Not Only But Also


If I said that a flower grows only by fertiliser, and only by water, and only by sunlight, you would get confused. What I should say is that a flower grows not only by fertiliser but also by water and sunlight. That makes sense. If fertiliser, water, and sunlight are required for growth, the flower won’t grow on one of those alone. It will grow not only by one, but also by the other two.

Some people say that a person is saved by grace alone. But they also say we are saved by faith alone. And they will also add that we are saved by the redemptive work of Christ alone. That is confusing, because if grace, faith, and Christ save us, these three, then how can one of them alone save us? We ought to say not only by grace but also by faith and the sacrifice that Christ made on the cross. These three are essential, so we are not saved by grace only, nor by faith only, nor by the cross only.

These three are not the complete list of things that the Bible says we are saved by. But they are the ones to which the word “only” is commonly attached, so for the sake of simplicity, we will just leave the list incomplete at these three for now.

Now I could say something like, “Jesus is the only way to heaven” or, “I can be saved only if I believe in Christ” or “I cannot be saved by any means other than God’s grace” These statements are true, but they do not mean that I deny as essential all the things associated with Jesus, or his sacrifice, or my faith, or God’s grace.

I mean that there is no other way to be saved than to be saved by grace. But there are many things associated with grace. There is the cross, the gospel, faith and obedience, repentance, perseverance, hope, love, prayer… The list is long. Do you dare say that any of these is unnecessary? Do you dare say that any one of them alone will save?

Notice the subtlety here. When one says, “Salvation is by grace alone and nothing else” we can understand that statement in two ways. It is ambiguous. We might understand it to mean that naked grace saves us, unconditional grace without any other thing attached. Or we might take “grace” to include all that is associated with it, grace with all its conditions.

The first meaning is a wicked doctrine. It would exclude even the cross of Christ and it would not require sin to be repudiated. The Devil loves that meaning, and he is welcome to it! The second meaning is true, but why express it ambiguously? Why not say something like, “We cannot be saved by any means other than God’s grace and all its conditions”? That is clearer.

We can make this even clearer. God would save no one by grace if Christ had not obeyed God even unto death. That was a condition of grace. God would save no one by grace if they did not receive Christ crucified by faith and obedience to his commandments. That is a condition of grace. Could we stop talking about grace alone and unconditional grace? Could we go back to saying “Not only but also”?

My Apple iMac Experience

The beginning

I’ve been working with Windows 10, and all the former Windows since about Windows 98. Since my old Windows notebook is rather too old, I bravely decided to change to Apple. I have a newer small Windows 10 notebook which works fine. So having a big Apple to go with it seemed sensible. For one thing, I could check how Safari and the OS X handled the site.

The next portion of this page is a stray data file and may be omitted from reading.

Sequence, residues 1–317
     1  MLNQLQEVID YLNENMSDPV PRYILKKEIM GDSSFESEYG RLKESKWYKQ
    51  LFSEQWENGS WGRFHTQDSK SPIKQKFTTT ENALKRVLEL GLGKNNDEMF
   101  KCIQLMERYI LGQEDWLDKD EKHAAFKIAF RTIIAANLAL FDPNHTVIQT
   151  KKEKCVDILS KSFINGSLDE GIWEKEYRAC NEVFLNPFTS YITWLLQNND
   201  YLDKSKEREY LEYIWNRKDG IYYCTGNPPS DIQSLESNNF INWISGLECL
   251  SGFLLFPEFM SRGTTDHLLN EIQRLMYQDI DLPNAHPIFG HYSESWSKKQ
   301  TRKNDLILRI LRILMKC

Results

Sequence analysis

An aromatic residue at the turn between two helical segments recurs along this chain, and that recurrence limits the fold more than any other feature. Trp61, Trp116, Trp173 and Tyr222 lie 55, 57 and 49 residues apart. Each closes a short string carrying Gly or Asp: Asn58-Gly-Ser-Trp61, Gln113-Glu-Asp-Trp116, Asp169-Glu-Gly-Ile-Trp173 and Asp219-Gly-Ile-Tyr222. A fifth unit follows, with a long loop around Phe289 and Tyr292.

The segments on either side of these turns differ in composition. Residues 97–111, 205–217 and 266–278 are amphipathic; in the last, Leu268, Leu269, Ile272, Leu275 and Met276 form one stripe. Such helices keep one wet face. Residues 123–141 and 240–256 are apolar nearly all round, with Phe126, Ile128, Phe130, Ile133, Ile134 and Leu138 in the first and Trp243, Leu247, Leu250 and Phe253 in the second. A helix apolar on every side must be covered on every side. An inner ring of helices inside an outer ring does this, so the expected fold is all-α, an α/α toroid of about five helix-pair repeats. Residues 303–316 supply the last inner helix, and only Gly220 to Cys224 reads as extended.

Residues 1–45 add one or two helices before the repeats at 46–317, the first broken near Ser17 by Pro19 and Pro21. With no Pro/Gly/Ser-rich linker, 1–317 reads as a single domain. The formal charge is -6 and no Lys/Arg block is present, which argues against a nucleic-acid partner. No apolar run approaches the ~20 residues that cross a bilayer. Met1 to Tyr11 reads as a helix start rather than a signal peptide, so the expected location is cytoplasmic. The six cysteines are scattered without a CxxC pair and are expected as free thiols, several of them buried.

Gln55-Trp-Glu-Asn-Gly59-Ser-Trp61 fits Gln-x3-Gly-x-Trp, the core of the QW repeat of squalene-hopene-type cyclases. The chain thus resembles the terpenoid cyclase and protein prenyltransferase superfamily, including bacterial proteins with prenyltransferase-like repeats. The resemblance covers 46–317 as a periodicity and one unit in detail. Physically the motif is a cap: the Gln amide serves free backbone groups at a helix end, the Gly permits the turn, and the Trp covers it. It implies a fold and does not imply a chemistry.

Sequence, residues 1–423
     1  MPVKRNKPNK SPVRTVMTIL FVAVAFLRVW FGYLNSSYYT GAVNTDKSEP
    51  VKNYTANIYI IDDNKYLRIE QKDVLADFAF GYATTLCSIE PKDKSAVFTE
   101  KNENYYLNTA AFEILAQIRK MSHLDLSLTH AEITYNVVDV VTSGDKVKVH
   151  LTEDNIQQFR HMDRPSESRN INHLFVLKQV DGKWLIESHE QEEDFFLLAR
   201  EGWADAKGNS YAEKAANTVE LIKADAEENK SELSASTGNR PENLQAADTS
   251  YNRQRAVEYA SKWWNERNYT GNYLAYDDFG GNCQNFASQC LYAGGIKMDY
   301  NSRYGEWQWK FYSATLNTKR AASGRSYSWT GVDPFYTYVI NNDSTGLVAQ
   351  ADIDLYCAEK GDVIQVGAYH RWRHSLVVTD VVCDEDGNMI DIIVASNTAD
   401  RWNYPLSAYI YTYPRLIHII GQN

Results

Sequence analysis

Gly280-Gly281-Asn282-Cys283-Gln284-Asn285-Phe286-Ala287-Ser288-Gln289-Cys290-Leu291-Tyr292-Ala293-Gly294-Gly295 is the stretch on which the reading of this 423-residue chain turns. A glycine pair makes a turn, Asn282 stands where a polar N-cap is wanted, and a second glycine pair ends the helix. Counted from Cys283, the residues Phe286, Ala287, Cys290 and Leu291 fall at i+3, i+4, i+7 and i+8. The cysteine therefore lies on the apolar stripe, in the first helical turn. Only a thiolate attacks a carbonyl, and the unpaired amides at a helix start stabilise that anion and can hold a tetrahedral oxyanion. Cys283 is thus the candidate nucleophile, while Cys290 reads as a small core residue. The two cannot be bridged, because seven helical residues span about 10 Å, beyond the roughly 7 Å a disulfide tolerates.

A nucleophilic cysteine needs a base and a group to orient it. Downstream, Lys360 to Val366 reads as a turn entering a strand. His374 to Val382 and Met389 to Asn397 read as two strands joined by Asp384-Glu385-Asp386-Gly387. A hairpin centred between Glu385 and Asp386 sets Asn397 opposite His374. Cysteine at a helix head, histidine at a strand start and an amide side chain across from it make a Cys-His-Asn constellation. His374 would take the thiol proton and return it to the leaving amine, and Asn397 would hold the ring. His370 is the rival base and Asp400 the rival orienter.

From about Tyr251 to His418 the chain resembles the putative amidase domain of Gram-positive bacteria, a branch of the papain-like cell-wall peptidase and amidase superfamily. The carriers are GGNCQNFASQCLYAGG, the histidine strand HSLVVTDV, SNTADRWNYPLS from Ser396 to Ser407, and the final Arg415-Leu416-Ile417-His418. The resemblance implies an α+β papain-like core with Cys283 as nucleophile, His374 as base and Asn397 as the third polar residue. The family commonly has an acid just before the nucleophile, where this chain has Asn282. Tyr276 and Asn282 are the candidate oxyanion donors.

The Apple Mac I’m now using as my main machine is an iMac (Retina 4K, 21.5-inch, Late 2015). Very nice, however I’m not going to be silly and compare Apple to Microsoft when the computer running Windows is cheap and small and the iMac is well up range.

People say about Apple, “It just works”. Well I doubted that, but I was happy enough to go by the 80/20 rule. If it works 80% of the time and makes me mad 20% of the time, that would be fine. Windows does that. All the computers I’ve ever owned, even my Sinclair ZX81, did that.

So I set the iMac on my desk and started the setup. I was pretty confident because I had just set up an Apple notebook for my wife to replace her Windows Vista. In both setups there were a number of instances where I could have got stuck. It was a very Windows experience.

Setting up the user and admin accounts was awkward, but connecting to wireless was real easy. The keyboard and mouse with the iMac “just worked”. I guess they are bluetooth which, as far as I am concerned, may as well be called voodoo.

I plugged in a USB and dragged a folder to my desktop. The Finder seemed as good as Windows Explorer. One thing I loved at first sight is the old fashioned but sensible drop down menu strip at the top of the screen which reflects the app currently in use.

Installing Apps

Next my attention turned to my two workhorses: a decent text editor and an FTP client. There is no OS X version of the clever Notepad++ so I tried TextWrangler. For a free text editor it is impressive. It wouldn’t launch a file in Safari, but accepted a tiny apple script and now it will. Getting Wrangler to soft word-wrap by default was in the 20% category, but there’s plenty of information available on TextWrangler, so that made me see the light. As for FTP, I was delighted that FileZilla was available for Mac. Downloaded and working in ten minutes. That’s in the 80% category.

So with the needed apps now available to me, I was able to get back to productive work on the website. Writing and marking up a new lesson was a smiley experience. I was also glad to see that Microsoft OneDrive worked for me through Safari, so my Windows notebook can receive new and updated files without messing with USBs.